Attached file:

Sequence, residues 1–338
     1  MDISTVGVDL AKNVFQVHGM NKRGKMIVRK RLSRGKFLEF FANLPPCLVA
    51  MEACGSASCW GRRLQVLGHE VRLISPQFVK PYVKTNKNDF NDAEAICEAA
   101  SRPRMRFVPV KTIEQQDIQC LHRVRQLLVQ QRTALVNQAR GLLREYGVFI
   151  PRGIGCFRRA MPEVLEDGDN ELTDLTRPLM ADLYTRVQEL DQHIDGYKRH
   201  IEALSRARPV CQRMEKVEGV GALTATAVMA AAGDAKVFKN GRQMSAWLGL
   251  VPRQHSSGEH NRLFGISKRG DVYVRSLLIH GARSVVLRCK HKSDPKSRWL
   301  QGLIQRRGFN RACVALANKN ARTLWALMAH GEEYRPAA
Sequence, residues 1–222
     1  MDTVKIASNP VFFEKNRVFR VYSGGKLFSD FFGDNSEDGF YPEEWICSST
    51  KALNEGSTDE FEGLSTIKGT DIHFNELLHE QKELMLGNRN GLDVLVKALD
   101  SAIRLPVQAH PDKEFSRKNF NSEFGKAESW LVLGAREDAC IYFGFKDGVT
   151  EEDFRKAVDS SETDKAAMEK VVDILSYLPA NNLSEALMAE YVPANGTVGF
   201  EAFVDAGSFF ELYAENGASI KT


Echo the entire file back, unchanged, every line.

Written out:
Sequence, residues 1–338
     1  MDISTVGVDL AKNVFQVHGM NKRGKMIVRK RLSRGKFLEF FANLPPCLVA
    51  MEACGSASCW GRRLQVLGHE VRLISPQFVK PYVKTNKNDF NDAEAICEAA
   101  SRPRMRFVPV KTIEQQDIQC LHRVRQLLVQ QRTALVNQAR GLLREYGVFI
   151  PRGIGCFRRA MPEVLEDGDN ELTDLTRPLM ADLYTRVQEL DQHIDGYKRH
   201  IEALSRARPV CQRMEKVEGV GALTATAVMA AAGDAKVFKN GRQMSAWLGL
   251  VPRQHSSGEH NRLFGISKRG DVYVRSLLIH GARSVVLRCK HKSDPKSRWL
   301  QGLIQRRGFN RACVALANKN ARTLWALMAH GEEYRPAA
Sequence, residues 1–222
     1  MDTVKIASNP VFFEKNRVFR VYSGGKLFSD FFGDNSEDGF YPEEWICSST
    51  KALNEGSTDE FEGLSTIKGT DIHFNELLHE QKELMLGNRN GLDVLVKALD
   101  SAIRLPVQAH PDKEFSRKNF NSEFGKAESW LVLGAREDAC IYFGFKDGVT
   151  EEDFRKAVDS SETDKAAMEK VVDILSYLPA NNLSEALMAE YVPANGTVGF
   201  EAFVDAGSFF ELYAENGASI KT